Sam Allardyce's system is working for West Ham
Unsung transfers get results
9 December ~ This part of the year was supposed to be when the wheels came off West Ham United’s season. A run of six games featuring the top four teams, as well as tricky-looking fixtures against Stoke City and Newcastle United, threatened to undermine a promising start to the campaign. An unexpected return of eight points from a possible 18 means West Ham go into today’s match against Liverpool hopeful of a good result, but with no pressure to achieve one. The debate about whether Sam Allardyce’s tactics amount to anything more than “hoofball” rumbles on and risks becoming as tedious as the Olympic Stadium saga.
“Pragmatic football” may sound like a euphemism for long ball, but few West Ham fans are complaining about the impact of a versatile style of play that can be tailored according to the opposition. The three goals that defeated Chelsea last weekend had very little to do with route-one football.
There is little argument to be had about Allardyce’s ability to spot good players and to get the best out of them. Few Premier League teams would fight over the signatures of the likes of George McCartney and Joey O’Brien, yet these unsung heroes form part of a defence that has conceded fewer league goals than both Manchester United and Tottenham Hotspur.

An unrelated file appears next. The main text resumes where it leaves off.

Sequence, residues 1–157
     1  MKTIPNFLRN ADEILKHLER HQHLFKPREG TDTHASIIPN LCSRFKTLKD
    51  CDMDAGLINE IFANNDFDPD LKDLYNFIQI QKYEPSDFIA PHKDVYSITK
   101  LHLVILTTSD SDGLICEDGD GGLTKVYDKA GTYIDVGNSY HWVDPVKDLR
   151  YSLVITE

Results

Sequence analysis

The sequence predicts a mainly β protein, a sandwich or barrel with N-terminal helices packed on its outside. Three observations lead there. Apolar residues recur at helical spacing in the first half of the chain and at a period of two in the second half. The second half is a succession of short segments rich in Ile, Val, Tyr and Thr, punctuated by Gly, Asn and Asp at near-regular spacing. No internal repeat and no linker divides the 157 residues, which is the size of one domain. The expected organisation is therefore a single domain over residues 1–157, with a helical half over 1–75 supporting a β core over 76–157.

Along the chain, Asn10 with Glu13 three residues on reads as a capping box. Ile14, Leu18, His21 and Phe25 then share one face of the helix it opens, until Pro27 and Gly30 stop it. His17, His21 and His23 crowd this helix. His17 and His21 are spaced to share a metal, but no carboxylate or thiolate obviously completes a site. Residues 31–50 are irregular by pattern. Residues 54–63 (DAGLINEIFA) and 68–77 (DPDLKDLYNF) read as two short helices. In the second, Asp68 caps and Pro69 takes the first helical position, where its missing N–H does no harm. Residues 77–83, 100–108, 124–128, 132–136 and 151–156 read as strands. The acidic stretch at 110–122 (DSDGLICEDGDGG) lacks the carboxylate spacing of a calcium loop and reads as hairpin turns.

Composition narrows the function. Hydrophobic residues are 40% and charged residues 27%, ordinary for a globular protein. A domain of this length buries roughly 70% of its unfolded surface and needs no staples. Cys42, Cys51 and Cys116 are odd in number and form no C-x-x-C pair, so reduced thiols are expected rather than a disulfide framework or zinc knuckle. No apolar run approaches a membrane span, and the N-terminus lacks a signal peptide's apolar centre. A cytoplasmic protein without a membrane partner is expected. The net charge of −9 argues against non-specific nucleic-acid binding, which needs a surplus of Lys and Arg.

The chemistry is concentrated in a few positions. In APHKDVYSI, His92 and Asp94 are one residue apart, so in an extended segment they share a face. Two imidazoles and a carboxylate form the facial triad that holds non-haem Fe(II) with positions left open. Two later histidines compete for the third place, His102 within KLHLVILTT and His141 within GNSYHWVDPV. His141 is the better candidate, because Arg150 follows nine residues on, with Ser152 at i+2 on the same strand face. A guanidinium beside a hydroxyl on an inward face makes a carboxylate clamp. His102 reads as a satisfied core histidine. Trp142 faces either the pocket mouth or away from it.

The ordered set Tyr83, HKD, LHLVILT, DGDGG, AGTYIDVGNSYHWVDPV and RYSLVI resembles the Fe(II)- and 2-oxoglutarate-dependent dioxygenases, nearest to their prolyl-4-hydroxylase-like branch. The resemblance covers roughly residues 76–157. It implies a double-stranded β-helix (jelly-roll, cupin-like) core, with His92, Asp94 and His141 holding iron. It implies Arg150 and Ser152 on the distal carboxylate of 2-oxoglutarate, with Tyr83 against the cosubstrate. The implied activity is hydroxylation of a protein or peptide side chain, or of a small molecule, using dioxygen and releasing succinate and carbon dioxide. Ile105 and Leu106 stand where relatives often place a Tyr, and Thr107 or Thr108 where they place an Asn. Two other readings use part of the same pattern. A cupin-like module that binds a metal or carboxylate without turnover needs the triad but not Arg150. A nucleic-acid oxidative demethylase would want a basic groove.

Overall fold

The signings of the summer were Mohamed Diame and Jussi Jaaskelainen, both free transfers. Diame’s tireless running, tackling and ability to turn defence into attack quickly have been pivotal. Jaaskelainen’s saves have helped prevent many a victory from turning into a draw. It seems a long time now since West Ham fans were fretting over the departures of Scott Parker and Robert Green.
On the other side of the spectrum are Andy Carroll and Matt Jarvis of whom so much was expected. The club’s record signing, Jarvis has so far been largely anonymous, while Carroll’s contribution of a solitary goal betrays his unfulfilled potential. His work-rate may be faultless, but when supporters find themselves praising the defensive headers rather than the headed goals of an £80k-a-week striker, something must be amiss. The two issues may not be unrelated. There is often a disconnect between the midfield and the lone striker, which all too often sees Carroll winning headers with no team-mate within 20 yards of him.
Carroll’s injury has given Carlton Cole a chance to prove himself once more. If the Chelsea match is anything to go by, Cole is going to grab that opportunity with both hands. If the past two years are anything to go by, however, it may prove a false dawn. Still, if Kevin Nolan continues to score at a ratio that most strikers would be proud of, West Ham need not worry too much about a lack of goals.
Victory against Liverpool would see West Ham hit 25 points, just eight fewer than the total amassed at the end of their previous Premier League campaign. The difference between life under Avram Grant and life under Allardyce could not be more stark. Rumour has it that Chelsea were courting Grant earlier this week. West London may be having its share of managerial headaches, but in east London there are no complaints about this regime. Neil Fairchild